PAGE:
Oh my goodness! It surpassed my expectations in almost every respect… I have trouble describing how good it was for me without grinning from ear to ear and getting as excited as I was whilst on the journey itself. It was a journey that I had dreamt about and been planning over the course of many years - it’s not just something I woke up one morning and decided to do.
The fact that it meant so much to me helped when conditions were tough, when I was tired and had to make difficult decisions… it made even the unpleasant bits enjoyable in a very personal way.
I agree with Nietzsch when he said “those who have a why to live for can bear almost any how”.
This year I was also incredibly lucky with the weather and snow conditions. It was so cold for so long that I skied on winter snowpack for the entire length of Norway… it never rained on me. I had taken my waterproof rucksack cover, convinced that it would be mild and rain - but it never did! It was also much less windy than it normally is in Norway. This year the prevailing air mass was largely from the East, that famous “beast from the East” as it was called in the UK.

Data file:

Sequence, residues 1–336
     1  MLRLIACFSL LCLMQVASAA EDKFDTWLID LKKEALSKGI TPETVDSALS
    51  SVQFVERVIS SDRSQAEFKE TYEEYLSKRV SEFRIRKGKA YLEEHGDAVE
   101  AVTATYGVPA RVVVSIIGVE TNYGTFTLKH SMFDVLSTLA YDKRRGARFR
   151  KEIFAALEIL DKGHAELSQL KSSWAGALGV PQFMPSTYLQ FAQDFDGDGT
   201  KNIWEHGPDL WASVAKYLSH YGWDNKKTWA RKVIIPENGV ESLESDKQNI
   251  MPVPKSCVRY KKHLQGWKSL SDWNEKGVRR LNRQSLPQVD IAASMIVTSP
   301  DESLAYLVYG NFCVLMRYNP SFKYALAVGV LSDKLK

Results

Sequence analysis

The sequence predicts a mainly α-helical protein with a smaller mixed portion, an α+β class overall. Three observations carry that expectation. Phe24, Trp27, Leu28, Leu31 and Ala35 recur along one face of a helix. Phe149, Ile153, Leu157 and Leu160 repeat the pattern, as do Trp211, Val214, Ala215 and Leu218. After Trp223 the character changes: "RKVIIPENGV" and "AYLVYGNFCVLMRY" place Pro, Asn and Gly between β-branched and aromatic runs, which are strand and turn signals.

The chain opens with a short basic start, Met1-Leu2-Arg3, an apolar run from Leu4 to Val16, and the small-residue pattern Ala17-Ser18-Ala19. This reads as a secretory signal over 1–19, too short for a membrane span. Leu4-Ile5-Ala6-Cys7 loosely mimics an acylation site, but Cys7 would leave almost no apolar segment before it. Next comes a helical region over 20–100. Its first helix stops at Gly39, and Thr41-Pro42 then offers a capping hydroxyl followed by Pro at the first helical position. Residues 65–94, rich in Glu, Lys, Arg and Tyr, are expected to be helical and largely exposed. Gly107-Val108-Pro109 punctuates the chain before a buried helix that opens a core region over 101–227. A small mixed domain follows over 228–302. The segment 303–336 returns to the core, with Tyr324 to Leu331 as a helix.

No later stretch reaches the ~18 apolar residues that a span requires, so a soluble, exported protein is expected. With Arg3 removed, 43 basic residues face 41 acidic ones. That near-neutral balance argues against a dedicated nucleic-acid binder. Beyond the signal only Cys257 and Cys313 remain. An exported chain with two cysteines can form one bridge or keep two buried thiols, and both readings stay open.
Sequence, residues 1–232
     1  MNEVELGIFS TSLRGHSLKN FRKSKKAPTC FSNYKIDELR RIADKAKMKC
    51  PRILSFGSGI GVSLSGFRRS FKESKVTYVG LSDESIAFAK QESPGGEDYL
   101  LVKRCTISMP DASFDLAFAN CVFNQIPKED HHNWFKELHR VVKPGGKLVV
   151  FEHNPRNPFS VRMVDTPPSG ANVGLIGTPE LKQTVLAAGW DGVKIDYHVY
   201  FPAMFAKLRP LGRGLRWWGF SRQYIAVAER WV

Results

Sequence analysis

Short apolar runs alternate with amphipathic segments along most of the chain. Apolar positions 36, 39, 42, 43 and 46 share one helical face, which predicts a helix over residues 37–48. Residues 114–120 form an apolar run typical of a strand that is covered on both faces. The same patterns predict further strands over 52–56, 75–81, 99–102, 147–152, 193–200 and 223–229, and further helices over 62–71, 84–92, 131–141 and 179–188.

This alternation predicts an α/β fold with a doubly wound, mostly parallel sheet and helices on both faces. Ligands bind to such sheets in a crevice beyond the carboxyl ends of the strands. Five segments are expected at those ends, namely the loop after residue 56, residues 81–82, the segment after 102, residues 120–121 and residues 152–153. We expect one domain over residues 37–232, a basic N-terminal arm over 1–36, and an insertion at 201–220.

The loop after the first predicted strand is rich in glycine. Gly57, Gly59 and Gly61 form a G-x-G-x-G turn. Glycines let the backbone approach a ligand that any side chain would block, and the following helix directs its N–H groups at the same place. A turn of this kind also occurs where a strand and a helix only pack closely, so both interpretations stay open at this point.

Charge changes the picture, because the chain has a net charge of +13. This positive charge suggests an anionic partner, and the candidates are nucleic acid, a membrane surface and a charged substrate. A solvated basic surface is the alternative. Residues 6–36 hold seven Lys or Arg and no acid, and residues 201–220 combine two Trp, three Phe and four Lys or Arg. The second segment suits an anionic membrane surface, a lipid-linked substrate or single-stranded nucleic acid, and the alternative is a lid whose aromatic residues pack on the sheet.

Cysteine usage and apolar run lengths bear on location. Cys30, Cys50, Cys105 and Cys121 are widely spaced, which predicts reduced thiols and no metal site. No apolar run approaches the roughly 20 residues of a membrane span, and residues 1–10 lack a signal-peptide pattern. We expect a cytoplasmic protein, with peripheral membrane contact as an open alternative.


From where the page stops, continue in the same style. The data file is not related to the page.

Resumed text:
Did anything go wrong and how did you adapt?
I feel very fortunate that almost everything went right for me on this adventure. My biggest setback was just north of Abisko when I encountered deep unconsolidated bottomless sugar snow. It basically stopped me in my tracks and I had to admit that I wasn’t going to make any kind of realistic progress through that mountain range in those snow conditions.
The snowpack there was very unstable and it was avalanche category 4 when I went through that area. The first hut north of Abisko that I tried to get to (Lappjordhytta) involved some complicated terrain breaking trail through this snow and it took me 2 ½ hrs to make 2km. I turned around two kilometres from the hut. I was so close I could see it, but it was utterly exhausting.
It was the first time that I had had to turn around and admit defeat due to the conditions - and trust me I had pushed myself really hard that day to try and make it possible. But some snow conditions are simply too exhausting, particularly if you don’t have anyone to share the trail-breaking with, no matter how fit and strong you are.
It was frustrating, but when I retraced my steps I soon discovered that I had another problem.